In Friday’s edition of The Signpost, Winn Stanger, the director of Career Services, hinted at the overwhelming importance and aid of an internship. As companies and other entities across the globe begin the internship application process for summer 2012, I thought of my own internship experience in Washington, D.C., in Senator Orrin Hatch’s office.

In today’s competitive world, it is of the utmost importance that students distinguish themselves — both in written and verbal forms. A student’s resume says a lot about him or her and acts as the initial method of getting to know who you are. Especially in highly sought jobs, interviewers have two piles: the reject pile and the hopeful pile.  Among hundreds of possible fellow applicants, what can set you apart? What can you put into your cover letter and resume that shows that you are capable, qualified and deserving of such a position? There are many solutions to this dilemma.

Internships

Internships are extremely helpful in securing a future position at your desired place of employment. According to www.fredonia.edu, “on average, more than 50 percent of students are offered a full-time job after completing an internship.” Statistically, it is in your favor to complete an internship, particularly with the company where you see yourself in 10 or 20 years. The benefits of taking on an internship far outweigh reasons not to do an internship.

Build your “soft skills”

Dale Carnegie Training suggests there is a set of skills referred to as the “soft skills.”  These skills cannot be learned in the classroom and cannot be garnered from a book, but are nonetheless indispensable for professional and personal advancement. Such soft skills are divided into five categories: confidence, personal leadership, communication skills, people skills and attitude control. You can “nurture the executive within” and fine-tune your soft skills by means of an internship. The workplace is the best environment to do such.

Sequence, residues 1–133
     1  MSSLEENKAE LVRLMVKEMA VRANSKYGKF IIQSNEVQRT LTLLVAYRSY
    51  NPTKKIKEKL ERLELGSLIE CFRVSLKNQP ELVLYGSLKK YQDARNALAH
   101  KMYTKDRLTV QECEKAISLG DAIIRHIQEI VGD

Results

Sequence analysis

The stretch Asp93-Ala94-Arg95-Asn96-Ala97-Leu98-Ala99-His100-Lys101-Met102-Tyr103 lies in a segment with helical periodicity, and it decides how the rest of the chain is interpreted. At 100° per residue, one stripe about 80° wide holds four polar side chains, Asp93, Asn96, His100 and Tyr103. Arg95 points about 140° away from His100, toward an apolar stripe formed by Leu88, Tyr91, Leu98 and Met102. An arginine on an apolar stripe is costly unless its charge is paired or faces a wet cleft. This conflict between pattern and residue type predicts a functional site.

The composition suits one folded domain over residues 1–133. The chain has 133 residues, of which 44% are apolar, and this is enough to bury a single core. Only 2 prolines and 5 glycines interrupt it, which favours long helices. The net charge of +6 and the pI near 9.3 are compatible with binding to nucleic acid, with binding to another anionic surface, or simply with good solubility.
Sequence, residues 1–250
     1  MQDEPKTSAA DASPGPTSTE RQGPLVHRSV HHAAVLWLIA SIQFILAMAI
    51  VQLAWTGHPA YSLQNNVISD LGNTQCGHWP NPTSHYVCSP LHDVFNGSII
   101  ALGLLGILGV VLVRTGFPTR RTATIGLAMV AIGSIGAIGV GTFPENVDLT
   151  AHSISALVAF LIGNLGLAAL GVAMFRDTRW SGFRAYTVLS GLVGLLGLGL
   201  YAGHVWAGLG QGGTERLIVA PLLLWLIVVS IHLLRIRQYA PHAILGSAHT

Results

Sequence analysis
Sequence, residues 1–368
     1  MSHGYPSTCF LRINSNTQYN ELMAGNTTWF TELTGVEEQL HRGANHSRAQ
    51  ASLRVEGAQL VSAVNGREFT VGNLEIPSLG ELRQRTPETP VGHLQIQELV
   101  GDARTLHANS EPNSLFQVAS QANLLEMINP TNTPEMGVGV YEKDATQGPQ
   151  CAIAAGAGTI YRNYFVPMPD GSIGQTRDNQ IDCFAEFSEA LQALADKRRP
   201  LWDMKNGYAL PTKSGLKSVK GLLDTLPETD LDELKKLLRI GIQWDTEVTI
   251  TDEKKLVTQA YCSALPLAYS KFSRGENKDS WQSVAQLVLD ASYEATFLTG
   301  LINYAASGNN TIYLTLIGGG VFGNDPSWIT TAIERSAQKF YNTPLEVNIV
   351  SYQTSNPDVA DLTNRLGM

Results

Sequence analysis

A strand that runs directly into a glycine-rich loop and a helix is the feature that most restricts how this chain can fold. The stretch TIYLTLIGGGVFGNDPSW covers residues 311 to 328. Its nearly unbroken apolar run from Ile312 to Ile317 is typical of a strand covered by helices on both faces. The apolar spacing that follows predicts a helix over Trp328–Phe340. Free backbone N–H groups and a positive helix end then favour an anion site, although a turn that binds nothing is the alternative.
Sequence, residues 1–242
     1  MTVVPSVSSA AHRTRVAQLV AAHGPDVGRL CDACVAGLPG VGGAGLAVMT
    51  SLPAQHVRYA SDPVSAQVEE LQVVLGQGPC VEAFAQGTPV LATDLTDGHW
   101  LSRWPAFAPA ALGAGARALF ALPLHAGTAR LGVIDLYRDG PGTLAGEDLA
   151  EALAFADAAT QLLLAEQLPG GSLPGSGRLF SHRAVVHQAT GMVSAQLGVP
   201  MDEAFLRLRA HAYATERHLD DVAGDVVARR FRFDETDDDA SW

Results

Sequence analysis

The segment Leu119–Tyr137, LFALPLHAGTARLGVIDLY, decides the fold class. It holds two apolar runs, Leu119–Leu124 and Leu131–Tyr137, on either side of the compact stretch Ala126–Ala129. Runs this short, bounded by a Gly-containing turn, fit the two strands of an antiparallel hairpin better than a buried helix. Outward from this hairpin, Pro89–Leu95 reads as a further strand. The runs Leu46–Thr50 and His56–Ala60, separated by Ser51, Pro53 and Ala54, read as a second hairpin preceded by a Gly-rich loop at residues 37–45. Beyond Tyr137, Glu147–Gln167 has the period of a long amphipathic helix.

Internships and career exploration

An internship affords you the opportunity to explore career options related to your interests, values, skills and personality. Many freshmen, sophomores, juniors, seniors and, of course, super-seniors worry constantly if they have chosen the right major.  What better way to test the waters than to submerse yourself in an internship where you can gather insight into a particular industry or organizational culture, develop work-related experience, and apply knowledge learned from the classroom?

It’s all about the connections

One of the most crucial parts to an internship is the capability to establish and facilitate connections and build a network of contacts. Always approach an internship with enthusiasm, willing to take on new assignments. Be prepared to show off your talents. While students might not give a second thought to PowerPoint creations, social media, smart phones, and the latest and greatest trends, your employers will need your help to be kept up to date as they seek to contemporize themselves in what can be an intimidating new technological world for them.

The ‘elevator pitch’

And lastly — and this does not just pertain to internship hopefuls — Peter Handal, CEO and president of Dale Carnegie Training, exclaims to students to “always have an ‘elevator pitch’ — a brief description or anecdote about your experiences that, if you find yourself in an elevator with someone from upper management, intrigues them and puts you high on their radar. Always leave them wanting more!”

Make no mistake — the season for receiving applications for summertime internships has begun. Do your duty and find yourself an internship that will help you on your way to success.

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